Selectors can be very helpful when they go around watching other matches and other players. A captain or coach of the national side, with so much cricket happening, can't go around and see every young player who is playing well or nearing selection. They can get selectors to go and do that - that's very helpful. When it comes to down to thinking if selectors actually have power, they only have power if they use it. They do have the right to say: "We're going to outvote the captain and coach because we want that player to play." But do they actually do that? Extremely rarely. And then when they do, the captain or coach will mutter to the press: "Well, I didn't get the team I wanted." So, I don't know what the answer is to that, but make someone accountable. Then we'll know who is in charge, who is to blame. And if he doesn't deliver, you can sack him.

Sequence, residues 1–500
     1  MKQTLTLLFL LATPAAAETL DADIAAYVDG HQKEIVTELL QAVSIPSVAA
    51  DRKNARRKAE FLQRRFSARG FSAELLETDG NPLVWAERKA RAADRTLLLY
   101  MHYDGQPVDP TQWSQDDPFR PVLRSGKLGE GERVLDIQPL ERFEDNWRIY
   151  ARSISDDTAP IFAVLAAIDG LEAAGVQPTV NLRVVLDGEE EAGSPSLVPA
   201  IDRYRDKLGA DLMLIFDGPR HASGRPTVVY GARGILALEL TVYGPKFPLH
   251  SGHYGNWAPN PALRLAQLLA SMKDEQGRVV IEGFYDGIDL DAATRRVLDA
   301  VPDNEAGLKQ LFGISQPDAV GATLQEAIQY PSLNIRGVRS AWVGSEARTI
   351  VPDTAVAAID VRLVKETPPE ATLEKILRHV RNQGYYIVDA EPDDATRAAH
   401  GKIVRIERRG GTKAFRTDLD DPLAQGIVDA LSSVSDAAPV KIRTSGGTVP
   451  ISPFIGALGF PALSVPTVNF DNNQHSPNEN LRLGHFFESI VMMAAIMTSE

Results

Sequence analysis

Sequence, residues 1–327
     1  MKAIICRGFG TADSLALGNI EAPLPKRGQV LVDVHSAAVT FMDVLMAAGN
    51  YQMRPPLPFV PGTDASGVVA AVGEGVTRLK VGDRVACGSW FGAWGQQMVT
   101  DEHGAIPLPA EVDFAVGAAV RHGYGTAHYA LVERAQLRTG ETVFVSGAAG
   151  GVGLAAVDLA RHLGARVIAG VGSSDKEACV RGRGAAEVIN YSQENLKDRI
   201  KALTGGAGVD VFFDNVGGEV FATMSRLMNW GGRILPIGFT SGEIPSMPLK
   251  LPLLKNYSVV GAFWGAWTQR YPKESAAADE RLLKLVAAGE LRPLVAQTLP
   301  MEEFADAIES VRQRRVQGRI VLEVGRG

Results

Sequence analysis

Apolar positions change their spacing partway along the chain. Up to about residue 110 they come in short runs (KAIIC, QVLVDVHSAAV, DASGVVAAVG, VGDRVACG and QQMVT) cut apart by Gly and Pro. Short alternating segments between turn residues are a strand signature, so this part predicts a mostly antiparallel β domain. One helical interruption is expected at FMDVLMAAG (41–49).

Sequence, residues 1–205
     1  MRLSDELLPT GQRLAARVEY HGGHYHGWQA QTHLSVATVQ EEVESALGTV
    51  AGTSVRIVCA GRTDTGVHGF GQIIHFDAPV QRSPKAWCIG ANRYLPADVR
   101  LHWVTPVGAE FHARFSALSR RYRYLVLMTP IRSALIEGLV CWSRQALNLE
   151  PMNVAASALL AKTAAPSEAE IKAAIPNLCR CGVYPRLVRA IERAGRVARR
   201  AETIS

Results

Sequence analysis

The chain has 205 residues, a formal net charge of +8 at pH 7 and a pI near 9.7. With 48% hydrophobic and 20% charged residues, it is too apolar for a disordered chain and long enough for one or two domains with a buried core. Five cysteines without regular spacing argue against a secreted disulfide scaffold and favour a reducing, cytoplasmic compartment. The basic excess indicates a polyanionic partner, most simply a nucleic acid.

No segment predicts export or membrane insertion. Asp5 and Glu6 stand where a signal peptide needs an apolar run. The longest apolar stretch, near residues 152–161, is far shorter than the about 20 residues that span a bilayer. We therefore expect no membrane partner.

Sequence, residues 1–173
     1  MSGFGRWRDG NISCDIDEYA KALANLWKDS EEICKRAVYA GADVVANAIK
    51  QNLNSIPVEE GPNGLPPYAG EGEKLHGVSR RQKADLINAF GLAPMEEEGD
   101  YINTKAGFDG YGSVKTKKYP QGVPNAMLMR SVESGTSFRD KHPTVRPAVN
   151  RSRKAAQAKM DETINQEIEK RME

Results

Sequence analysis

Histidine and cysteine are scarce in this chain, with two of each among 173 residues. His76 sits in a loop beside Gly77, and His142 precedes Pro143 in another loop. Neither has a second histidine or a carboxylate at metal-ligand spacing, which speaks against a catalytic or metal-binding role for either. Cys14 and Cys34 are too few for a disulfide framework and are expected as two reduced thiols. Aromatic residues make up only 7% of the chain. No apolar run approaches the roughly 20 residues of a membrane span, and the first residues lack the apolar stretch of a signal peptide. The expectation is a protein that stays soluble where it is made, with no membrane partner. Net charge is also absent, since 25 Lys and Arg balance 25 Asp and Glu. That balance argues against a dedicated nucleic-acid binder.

John Buchanan has always come up with new ideas that capture the imagination and get publicity. Is it important? Does it really matter? I don't know whether it does. What matters is who is in charge and whether you know who is to blame when it goes wrong.
ST: We now move on to the question that Geoffrey has picked as his favourite for this show and it comes from Neil in England. It's a very pertinent question, given that the ICC annual conference will be held in Hong Kong at the end of the month with lots of things on the table. One of them, of course, is the DRS. Neil says: India has consistently opposed the DRS and it won't be used in the England series, which is a bit of a shame. Though many find India's decision hard to understand, is the ICC also to blame by not paying for the technology nor making the system mandatory? And is that the way ahead?
GB: I do think it is the way ahead. You've got to remember this: It's quite simple and may or may not be palatable to the Indian public. Many countries that play cricket are frightened to death of India's financial power. You've got to understand that before you get to voting on anything at the ICC.